By Kellie Houx
Retired Superintendent Dr. Tom Cummings comes from a family that treasured music. His mother sang in the choir and encouraged her seven children to find their musical niche. He attended a small rural schoolhouse in Indiana where it took combining the students in middle school with those of the high school to have enough students for a chorus.
As the oldest child, Cummings found himself taking up the baritone horn. His sister played the clarinet and the next brother got the trumpet. The fourth child, a son, took up the drums. “When I graduated my sister got the baritone. A younger brother got the clarinet; another played trumpet; and still another played drums. When I graduated, my instrument was handed down to a younger sister. The emphasis on music was a big part of life and so younger siblings inherited our instruments.” Even during basketball games, instead of running to the locker room with the team, he would play with the pep band.
His wife, Margaret, teaches, but she also plays piano and sings. Son Ben took Suzuki lessons on the violin at age 4 and Daniel picked up the cello, also at 4. Ben played at William Jewell College and the Liberty Symphony. The two brothers even played together for weddings and receptions. One of his grandsons plays cello.
Cummings was appointed superintendent of North Kansas City School District in 1995 after 10 years in the role of assistant superintendent for instruction. He retired in 2009. “Maintaining a strings program, as an example, gives young people an appreciation for classical music. It teaches them discipline to be a musician. There is awareness that it takes time to practice. There is enrichment and an improved quality of life to be part of the arts. Whether it is being part of an orchestra, band or choral group, students in the performing arts understand camaraderie. They understand their specific parts, but they know they need to work as a whole.”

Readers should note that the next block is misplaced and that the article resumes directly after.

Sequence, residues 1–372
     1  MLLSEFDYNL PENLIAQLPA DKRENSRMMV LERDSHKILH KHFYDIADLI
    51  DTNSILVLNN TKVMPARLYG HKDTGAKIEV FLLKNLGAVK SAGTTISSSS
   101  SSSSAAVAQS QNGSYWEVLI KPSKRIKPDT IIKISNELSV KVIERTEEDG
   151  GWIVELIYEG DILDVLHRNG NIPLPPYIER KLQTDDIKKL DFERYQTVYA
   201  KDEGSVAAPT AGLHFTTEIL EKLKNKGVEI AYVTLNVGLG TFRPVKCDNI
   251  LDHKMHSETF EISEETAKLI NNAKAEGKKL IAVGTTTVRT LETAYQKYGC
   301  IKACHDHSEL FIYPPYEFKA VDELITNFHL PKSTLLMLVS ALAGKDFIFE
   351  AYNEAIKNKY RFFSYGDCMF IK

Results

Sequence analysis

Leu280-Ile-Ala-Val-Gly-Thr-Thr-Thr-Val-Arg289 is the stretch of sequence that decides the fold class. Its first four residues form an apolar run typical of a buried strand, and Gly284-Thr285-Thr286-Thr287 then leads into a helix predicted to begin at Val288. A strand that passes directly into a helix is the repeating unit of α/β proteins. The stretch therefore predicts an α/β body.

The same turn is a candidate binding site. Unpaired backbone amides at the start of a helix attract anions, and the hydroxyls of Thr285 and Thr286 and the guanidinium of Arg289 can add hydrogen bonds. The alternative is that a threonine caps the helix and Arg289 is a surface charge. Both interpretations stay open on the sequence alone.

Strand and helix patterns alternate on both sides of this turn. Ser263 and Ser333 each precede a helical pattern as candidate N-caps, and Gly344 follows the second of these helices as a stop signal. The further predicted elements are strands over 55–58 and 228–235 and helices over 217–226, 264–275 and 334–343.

Cummings says many modern educators believe that educating the whole child includes music and the arts. “Even today’s business language includes soft skills which are those critical skills like getting along with others and collaboration — a is key to productive work and society.”
To help support the stringed arts in the district, the district education foundation created a fund specifically to honor Cummings and his dedication to music. The fund is aimed at helping beginning stringed students, those in fifth-grade strings, to rent instruments and to help repair existing school instruments. “Budgets are limited for string repairs and purchases. At some point, I also want to see a place where students can take private lessons for a small fee. I would like a sort of institute that supports a strong Suzuki program. I want to ensure that the arts stay a part of public education.”